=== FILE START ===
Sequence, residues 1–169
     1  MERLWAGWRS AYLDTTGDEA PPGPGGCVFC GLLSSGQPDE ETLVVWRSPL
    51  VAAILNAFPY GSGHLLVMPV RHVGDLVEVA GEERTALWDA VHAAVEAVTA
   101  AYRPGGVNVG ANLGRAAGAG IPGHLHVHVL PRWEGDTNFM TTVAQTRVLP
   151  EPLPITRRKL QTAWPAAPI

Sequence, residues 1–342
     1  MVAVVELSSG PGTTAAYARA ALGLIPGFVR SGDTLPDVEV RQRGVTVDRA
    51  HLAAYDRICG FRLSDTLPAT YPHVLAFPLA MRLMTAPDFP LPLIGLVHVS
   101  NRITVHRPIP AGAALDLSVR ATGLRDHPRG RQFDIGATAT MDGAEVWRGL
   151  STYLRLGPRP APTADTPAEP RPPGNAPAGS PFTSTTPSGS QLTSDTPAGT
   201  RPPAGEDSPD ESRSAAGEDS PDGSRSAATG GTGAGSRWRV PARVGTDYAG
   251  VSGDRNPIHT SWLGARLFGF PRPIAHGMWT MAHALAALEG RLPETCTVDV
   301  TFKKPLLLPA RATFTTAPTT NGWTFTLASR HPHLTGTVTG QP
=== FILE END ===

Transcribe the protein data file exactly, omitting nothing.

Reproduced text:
Sequence, residues 1–169
     1  MERLWAGWRS AYLDTTGDEA PPGPGGCVFC GLLSSGQPDE ETLVVWRSPL
    51  VAAILNAFPY GSGHLLVMPV RHVGDLVEVA GEERTALWDA VHAAVEAVTA
   101  AYRPGGVNVG ANLGRAAGAG IPGHLHVHVL PRWEGDTNFM TTVAQTRVLP
   151  EPLPITRRKL QTAWPAAPI

Sequence, residues 1–342
     1  MVAVVELSSG PGTTAAYARA ALGLIPGFVR SGDTLPDVEV RQRGVTVDRA
    51  HLAAYDRICG FRLSDTLPAT YPHVLAFPLA MRLMTAPDFP LPLIGLVHVS
   101  NRITVHRPIP AGAALDLSVR ATGLRDHPRG RQFDIGATAT MDGAEVWRGL
   151  STYLRLGPRP APTADTPAEP RPPGNAPAGS PFTSTTPSGS QLTSDTPAGT
   201  RPPAGEDSPD ESRSAAGEDS PDGSRSAATG GTGAGSRWRV PARVGTDYAG
   251  VSGDRNPIHT SWLGARLFGF PRPIAHGMWT MAHALAALEG RLPETCTVDV
   301  TFKKPLLLPA RATFTTAPTT NGWTFTLASR HPHLTGTVTG QP